Making sense in surgery using Near-Infrared Optical Imaging
June 2-6, 2019
There is a pressing clinical need to provide image guidance during surgery. Currently, assessment of tissue that needs to be resected or avoided is performed subjectively leading to a large number of failures, patient morbidity and increased healthcare cost. Because near-infrared (NIR) light propagates deeply within living tissues and interacts with molecular constituents, it offers unparalleled capabilities for objectively identifying healthy and diseased tissue intraoperatively. These capabilities are well illustrated through the ongoing clinical translation of fluorescence imaging during oncologic surgery. In this presentation, we will review our efforts to provide real-time & wide-field image-guidance during surgery using NIR diffuse optical imaging. We will present our latest results in fluorescence and endogenous imaging towards real-time monitoring and image-guided surgical intervention.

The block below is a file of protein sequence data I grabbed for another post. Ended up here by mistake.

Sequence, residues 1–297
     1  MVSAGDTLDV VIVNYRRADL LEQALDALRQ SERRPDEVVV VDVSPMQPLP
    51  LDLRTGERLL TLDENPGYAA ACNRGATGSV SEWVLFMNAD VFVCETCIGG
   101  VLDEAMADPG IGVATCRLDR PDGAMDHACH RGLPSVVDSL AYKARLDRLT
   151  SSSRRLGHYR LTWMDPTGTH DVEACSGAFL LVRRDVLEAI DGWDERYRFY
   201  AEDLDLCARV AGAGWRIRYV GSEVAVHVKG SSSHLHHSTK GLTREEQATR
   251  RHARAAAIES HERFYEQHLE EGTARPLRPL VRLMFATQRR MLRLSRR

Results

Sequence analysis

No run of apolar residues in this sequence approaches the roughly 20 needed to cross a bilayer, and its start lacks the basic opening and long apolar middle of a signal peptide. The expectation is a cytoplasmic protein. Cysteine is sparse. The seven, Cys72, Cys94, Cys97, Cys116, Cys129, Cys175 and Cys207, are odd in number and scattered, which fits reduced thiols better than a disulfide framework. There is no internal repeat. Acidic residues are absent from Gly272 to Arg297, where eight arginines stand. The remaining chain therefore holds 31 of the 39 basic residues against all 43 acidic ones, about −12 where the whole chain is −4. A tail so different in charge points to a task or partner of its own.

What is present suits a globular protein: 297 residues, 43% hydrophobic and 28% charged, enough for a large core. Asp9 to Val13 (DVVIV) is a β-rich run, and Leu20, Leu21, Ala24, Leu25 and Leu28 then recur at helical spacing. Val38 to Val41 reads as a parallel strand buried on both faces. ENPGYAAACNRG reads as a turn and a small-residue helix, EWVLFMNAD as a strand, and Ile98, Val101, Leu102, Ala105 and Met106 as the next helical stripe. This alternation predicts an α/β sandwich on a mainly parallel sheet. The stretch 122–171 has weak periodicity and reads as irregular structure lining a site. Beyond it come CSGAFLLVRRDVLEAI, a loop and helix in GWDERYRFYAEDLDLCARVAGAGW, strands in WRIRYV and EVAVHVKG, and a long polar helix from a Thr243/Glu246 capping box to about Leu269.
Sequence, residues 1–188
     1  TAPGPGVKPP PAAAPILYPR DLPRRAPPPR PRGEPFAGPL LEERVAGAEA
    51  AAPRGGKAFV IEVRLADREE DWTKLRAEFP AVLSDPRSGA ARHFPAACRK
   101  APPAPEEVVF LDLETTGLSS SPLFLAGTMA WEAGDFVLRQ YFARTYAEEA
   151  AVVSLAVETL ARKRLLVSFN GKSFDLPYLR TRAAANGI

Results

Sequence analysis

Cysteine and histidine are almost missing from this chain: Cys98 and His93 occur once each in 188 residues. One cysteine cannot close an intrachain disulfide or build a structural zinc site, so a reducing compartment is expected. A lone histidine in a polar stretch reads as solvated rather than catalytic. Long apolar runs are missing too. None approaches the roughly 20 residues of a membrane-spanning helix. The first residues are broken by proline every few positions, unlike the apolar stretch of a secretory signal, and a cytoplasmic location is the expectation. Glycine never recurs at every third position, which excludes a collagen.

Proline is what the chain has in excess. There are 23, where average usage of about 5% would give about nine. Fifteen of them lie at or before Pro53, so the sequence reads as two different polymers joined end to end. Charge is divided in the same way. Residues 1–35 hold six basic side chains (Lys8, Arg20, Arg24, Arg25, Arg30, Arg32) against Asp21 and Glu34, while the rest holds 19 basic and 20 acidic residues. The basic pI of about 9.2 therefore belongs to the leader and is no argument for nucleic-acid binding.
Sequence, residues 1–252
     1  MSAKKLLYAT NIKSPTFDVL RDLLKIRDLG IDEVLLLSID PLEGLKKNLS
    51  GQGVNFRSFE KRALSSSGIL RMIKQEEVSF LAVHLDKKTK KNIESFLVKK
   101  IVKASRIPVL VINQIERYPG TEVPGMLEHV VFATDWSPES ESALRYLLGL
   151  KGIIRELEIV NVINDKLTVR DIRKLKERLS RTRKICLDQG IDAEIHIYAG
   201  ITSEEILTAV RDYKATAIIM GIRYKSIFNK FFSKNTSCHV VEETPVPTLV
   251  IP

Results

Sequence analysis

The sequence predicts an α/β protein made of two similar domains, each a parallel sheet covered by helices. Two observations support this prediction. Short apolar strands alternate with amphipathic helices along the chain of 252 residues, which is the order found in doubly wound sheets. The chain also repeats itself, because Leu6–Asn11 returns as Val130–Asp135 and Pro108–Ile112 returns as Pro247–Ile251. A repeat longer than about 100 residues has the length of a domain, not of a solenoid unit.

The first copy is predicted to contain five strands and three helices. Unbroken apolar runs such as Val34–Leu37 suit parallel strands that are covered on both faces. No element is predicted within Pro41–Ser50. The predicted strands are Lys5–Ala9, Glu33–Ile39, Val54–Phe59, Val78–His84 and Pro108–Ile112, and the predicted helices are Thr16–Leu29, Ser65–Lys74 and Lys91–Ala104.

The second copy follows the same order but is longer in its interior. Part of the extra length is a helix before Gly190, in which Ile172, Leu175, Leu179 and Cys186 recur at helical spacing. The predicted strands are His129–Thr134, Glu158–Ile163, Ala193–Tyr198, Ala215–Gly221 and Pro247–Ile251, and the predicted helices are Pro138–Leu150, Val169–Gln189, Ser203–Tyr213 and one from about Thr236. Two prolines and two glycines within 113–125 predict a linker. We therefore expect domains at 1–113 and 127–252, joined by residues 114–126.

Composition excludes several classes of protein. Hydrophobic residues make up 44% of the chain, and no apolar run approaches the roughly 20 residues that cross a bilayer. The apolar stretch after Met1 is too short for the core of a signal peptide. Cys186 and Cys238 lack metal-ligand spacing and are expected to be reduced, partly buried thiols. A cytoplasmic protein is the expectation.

Sylvain Gioux, Luca Baratelli, Enagnon Aguénounon, Joseph Angelo, and Silvère Ségaud, "Making sense in surgery using Near-Infrared Optical Imaging" in "Advances in Optics for Biotechnology, Medicine and Surgery XVI", Erin Buckley, Emory University/Georgia Institute of Technology, USA Christophe Moser, Polytechnique Fédérale de Lausanne (EPFL), Switzerland Brian Pogue, Dartmouth College, USA David Sampson, University of Western Australia, Australia Eds, ECI Symposium Series, (2019). https://dc.engconfintl.org/biotech_med_xvi/34